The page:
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Lord Wakeham, Press Complaints Commission
Please note "BBC Breakfast with Frost" must be credited if any part of this transcript is used.

DAVID FROST:

Well with us to review the papers this morning we have a very special guest, the Chairman of the Press Complaints Commission himself, Lord Wakeham. John welcome, first of all happy birthday because we're celebrating, isn't it, the tenth anniversary of the Press Complaints Commission?

LORD WAKEHAM:

Absolutely, tenth anniversary.

DAVID FROST:

I suppose, I suppose when you turn to the papers every day you're thinking 'oh what's in here, what's going to be trouble in here, oh they're flying a bit close to the¿'?

LORD WAKEHAM:

I'm afraid there is a bit of that, yes and of course also, looking at the papers today you see a great many stories which are inspired about the fact that everyone is convinced there's going to be an election fairly soon, I hope they're right, I can remember was it September 1978 when Jim Callaghan, everybody thought he was going to call an election and at the last minute he changed his mind, mind you he still lost when he did have it for next year but¿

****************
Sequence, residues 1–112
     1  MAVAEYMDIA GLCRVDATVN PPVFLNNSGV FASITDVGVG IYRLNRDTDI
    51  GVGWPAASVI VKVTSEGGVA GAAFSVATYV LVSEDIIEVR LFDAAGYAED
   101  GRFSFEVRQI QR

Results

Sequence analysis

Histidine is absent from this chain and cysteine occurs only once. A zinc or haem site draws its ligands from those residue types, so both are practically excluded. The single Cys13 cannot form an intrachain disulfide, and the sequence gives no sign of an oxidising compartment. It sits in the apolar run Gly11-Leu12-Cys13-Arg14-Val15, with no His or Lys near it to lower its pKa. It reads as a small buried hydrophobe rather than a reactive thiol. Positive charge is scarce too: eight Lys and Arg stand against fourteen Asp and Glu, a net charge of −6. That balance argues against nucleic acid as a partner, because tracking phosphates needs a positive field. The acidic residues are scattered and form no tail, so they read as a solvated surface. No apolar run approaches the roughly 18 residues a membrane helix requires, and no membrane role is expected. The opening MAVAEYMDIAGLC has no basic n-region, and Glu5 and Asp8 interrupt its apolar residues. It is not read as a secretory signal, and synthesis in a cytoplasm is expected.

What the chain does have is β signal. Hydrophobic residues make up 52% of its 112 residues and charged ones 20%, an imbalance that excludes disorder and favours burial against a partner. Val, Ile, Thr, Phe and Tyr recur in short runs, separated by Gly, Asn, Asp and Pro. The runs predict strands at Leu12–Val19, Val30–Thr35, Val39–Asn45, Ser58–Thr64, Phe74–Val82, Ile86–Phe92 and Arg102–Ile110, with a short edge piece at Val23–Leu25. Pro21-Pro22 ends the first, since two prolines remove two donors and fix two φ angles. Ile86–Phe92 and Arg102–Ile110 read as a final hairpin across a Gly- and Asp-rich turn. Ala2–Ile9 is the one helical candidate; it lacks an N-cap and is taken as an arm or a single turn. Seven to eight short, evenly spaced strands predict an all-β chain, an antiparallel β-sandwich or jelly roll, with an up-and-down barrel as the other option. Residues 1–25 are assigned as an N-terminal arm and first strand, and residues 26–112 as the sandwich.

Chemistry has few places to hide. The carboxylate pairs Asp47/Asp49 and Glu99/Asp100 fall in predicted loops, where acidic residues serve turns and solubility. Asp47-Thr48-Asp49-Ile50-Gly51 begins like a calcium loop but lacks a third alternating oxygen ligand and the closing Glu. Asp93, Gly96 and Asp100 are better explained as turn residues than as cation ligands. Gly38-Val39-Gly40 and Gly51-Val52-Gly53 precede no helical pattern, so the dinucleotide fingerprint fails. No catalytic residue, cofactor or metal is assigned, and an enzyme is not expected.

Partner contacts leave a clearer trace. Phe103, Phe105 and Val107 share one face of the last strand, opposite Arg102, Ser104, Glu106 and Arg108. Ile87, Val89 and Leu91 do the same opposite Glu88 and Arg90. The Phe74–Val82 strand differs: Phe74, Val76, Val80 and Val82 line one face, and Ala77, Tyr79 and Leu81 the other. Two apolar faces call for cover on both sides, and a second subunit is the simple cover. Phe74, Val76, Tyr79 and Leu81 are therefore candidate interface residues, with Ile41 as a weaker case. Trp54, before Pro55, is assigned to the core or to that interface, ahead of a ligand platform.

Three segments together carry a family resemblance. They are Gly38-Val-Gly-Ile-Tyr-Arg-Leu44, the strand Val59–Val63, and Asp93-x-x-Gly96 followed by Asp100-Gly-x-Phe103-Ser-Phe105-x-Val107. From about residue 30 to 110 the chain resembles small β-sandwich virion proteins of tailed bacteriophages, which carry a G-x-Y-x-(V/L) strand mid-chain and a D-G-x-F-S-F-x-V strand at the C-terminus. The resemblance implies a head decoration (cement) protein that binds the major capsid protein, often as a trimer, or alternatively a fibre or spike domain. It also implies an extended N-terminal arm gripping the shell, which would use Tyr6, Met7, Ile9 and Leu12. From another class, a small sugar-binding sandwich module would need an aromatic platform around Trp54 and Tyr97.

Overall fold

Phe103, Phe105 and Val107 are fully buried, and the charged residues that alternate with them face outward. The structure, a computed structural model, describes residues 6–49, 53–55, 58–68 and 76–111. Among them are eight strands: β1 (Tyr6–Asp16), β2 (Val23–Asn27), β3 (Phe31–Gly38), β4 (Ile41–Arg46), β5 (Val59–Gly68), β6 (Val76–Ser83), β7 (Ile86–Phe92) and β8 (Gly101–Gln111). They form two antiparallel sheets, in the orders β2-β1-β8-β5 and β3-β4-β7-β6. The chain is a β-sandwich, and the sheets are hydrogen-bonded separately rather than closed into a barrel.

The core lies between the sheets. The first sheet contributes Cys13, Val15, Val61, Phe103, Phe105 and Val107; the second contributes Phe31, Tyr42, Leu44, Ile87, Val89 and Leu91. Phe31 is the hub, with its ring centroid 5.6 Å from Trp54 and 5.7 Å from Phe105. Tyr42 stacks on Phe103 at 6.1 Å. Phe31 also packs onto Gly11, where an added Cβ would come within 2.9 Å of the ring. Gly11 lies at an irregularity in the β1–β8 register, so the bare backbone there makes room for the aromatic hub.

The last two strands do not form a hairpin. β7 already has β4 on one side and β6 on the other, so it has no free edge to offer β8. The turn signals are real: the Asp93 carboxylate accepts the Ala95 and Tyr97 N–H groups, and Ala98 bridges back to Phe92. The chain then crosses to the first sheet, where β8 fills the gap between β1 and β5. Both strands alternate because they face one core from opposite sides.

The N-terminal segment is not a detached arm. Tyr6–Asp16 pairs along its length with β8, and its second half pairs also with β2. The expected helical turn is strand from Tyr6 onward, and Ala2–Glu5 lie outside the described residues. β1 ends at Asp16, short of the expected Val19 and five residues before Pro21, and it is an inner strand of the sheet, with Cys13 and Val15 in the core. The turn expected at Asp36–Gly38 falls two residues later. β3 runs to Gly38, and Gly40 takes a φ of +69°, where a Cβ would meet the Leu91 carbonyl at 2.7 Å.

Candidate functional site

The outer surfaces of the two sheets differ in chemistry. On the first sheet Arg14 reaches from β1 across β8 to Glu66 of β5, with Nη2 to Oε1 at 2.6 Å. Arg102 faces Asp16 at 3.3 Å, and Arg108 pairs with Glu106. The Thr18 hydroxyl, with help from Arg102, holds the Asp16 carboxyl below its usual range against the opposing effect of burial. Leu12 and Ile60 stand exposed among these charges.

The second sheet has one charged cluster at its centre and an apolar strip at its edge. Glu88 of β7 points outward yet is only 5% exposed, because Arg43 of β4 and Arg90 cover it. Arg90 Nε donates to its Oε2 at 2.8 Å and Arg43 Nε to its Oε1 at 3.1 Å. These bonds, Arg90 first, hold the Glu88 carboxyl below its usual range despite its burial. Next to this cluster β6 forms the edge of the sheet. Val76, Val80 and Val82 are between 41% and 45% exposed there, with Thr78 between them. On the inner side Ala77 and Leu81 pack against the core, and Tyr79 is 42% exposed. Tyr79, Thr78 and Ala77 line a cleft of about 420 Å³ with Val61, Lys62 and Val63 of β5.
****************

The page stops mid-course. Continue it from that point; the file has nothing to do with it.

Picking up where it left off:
DAVID FROST:

But he might not have lost if he'd had it then?

LORD WAKEHAM:

Well that's, that's always for speculation but there are, but the election may not come in May although I think probably it will, so that's, that leaves out the Mandelson stories and all that where I think I probably oughtn't to comment in elections as Chairman of the Press Complaints Commission but there are a lot of other stories.

DAVID FROST:

Yes there was one quote here I found, Peter Mandelson on Arthur Scargill's impending challenge for his Hartlepool seat and Peter Mandelson apparently said 'that's the first good piece of news I've had for some time. So what did you go to?

LORD WAKEHAM:

Well I saw in the, also in the Sunday Times in the News Review there was a story that Naomi Campbell is going to complain to me about reports and intrusion into her private life, into her health as is Geri Halliwell and they're two famous names who are complaining. The thing I, the point I'd make about that is of course they're entitled to complain and I shall look at it and I shall talk to the editors and we shall look at both sides before we come to do a conclusion but some people think it is only the famous who complain to us. 95 per cent of all the complaints we have come from ordinary people who you have never heard of and the reason they do it is it's quick, we can do it in, on average, 40 days, it's cheap, it costs nothing except a postage stamp to write to me and we get on and we sort them out very quickly. So there's two good cases that are coming and I shall obviously deal with them.

DAVID FROST: